AZ Pediatría
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Vol. 10 - Num. 39

Evidence based Pediatrics

Children with idiopathic short stature, have to be treated with growth hormone?

Rosa Sánchez Andradea, Paz González Rodríguezb

aPediatra. CS Luis Vives. Servicio Madrileño de Salud, Área 3. Alcalá de Henares. Madrid. España.
bPediatra. CS Barrio del Pilar. Madrid. España.

Correspondence: R Sánchez. E-mail:

Reference of this article: Sánchez Andrade R, González Rodríguez P. Children with idiopathic short stature, have to be treated with growth hormone? Rev Pediatr Aten Primaria. 2008;10:499-512.

Published in Internet: 30-09-2008 - Visits: 12067


Idiopathic short stature, or short stature of undefined cause, is a diagnosis of exclusion. Implicit in the diagnosis is a normal growth hormone responses to stimulation testing- In 2003, the FDA approved the use of recombinant growth hormone (GH) for treatment of idiopathic short stature, defined by height SDs < 2.25 and adult height prognosis bellow the normal range. Considerable debate exits about the benefits of therapy in otherwise healthy short children. Studies suggest that growth hormone therapy increases adult height between 3 and 6 cm, with a mean duration of therapy (regimen of daily injections) of about 6 years. In addition, the studies have failed to prove that children with short stature have psychosocial problems; moreover growth hormone therapy has not showed to improve quality of life. Concern exists about potentially long-term adverse effects with administration of supraphysiologic GH doses apart from its high cost. At the core of controversy is the question about whether short stature is a disease or a normal variant development and therefore whether growth hormone therapy is a therapeutic or a cosmetic intervention.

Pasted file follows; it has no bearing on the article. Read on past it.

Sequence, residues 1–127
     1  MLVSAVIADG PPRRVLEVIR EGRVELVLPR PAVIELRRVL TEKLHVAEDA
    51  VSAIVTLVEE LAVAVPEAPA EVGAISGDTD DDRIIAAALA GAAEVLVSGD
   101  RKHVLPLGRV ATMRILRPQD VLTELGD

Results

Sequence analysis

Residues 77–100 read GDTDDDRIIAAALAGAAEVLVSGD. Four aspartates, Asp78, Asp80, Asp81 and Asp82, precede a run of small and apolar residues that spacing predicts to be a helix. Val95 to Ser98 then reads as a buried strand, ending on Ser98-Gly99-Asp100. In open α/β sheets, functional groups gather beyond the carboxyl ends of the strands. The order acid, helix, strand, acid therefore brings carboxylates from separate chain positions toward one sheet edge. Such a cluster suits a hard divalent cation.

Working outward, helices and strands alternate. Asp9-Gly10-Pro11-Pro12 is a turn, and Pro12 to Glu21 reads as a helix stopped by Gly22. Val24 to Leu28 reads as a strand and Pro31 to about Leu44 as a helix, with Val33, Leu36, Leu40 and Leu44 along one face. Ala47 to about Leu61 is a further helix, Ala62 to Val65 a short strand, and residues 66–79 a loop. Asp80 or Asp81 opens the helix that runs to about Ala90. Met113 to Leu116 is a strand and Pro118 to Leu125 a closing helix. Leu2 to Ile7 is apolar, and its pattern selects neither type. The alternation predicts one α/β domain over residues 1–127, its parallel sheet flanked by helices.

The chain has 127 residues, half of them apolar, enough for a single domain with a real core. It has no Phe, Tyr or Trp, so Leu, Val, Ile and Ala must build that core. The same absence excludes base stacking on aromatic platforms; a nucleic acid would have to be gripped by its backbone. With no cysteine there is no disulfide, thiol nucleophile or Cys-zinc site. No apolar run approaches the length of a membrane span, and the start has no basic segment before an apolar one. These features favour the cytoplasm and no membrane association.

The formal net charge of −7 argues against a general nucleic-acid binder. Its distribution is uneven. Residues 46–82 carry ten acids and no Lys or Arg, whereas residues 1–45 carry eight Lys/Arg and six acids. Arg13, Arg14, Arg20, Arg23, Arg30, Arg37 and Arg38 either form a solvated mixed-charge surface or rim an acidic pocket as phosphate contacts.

Body height Gonadotropin-releasing hormone Growth disorders Human growth hormone

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